Gene:

Well, and I'll, I'll give you another reason, is because some security professional told them that if you don't put a maximum length in, you're probably more likely to have a SQL injection attack happening.

Ryan:

Well, obviously you sanitize your shit or just feed it into your hash algorithm cuz you,

Gene:

Things that you say

Ryan:

hash algorithm isn't implemented in sql The only thing, the only thing that somebody should be doing with a password is hashing it period.

Gene:

Mm-hmm.

Ryan:

that. You, you get a password field, the only thing you should do is hash it. So if I want to put in a 40 character password and somebody says, oh sorry, your password's too long, then you're right. There are other possible explanations, but the most common explanation for that is that you are trying to store that password somewhere. And so the vulnerability is that, the question is never, if somebody gets their database exfiltrated, it's when and when they store the full credentials, name and password, then those credentials are now out on the dark web. But even if they store just a hash, then what you have is usually your, your id, which is generally an email address and either a password or a hash password. And somebody will go out on the dark web and buy up a database of a hundred thousand of these, which is usually, somebody's,

Gene:

pretty

Ryan:

somebody's password database comes out, they're like, I'll take a hundred thousand for 20 bucks on the dark web, whatever. No, it's more like, more like, 5,000 satoshis, whatever. It's. Once they have that, they will go ahead and feed it to their bot, which will go to the login page for every site, usually whatever site they really want to get into. And they will replay the name and password from that entire breach. Why? Because if you use the same password somewhere, it'll let you in and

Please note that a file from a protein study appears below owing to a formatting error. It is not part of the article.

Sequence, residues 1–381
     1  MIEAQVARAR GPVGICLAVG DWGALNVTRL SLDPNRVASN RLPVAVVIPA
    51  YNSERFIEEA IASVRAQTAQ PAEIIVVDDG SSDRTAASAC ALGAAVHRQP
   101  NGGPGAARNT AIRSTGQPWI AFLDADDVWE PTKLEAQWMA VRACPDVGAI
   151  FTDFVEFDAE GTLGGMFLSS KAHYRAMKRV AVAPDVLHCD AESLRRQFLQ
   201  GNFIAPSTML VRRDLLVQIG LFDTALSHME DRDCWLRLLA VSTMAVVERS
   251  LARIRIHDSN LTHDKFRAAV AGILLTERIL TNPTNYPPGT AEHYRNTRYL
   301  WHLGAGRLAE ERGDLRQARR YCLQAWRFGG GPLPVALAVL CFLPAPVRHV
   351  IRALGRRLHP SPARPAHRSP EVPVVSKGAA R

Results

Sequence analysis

Gene:

Yep.

Ryan:

changing up either the name or the password defeats that attack, but it's easy enough to change the algorithm a little bit to do some analysis, throw some AI at it, the insert ad for, for CSBs account or AI show here to it's

Gene:

oh, hell no, no. Advertising and ad free network here.

Ryan:

Mine too, which is why CSB doesn't talk to me anymore. But you, you, it's easy enough to switch up the algorithm to analyze email addresses and look for common domains, common names, whatever. Now, you, you might be able to defeat this by having completely random email addresses and the same password everywhere, but how is that easier to use than having different password?

Gene:

Well, I, I think it is better because the most common and the most simple, which is why it's the most common way, is to sort by email address. So what's, what you're gonna buy or sell on the dark web is a, an already been presorted by tools and it's presorted by like, here's a list of 24 logins for this person. They don't care if it's the same password or different passwords. Here's what we have available through all the different breaches that have happened. With the, the email address, csb csb.com, like here's the, the 15 different breach related records that have come through. So for each of these sites, odds are that he simply changed his password to one of that he used on one of the other sites. So try logging into each one with all the variants of passwords that we know he used on other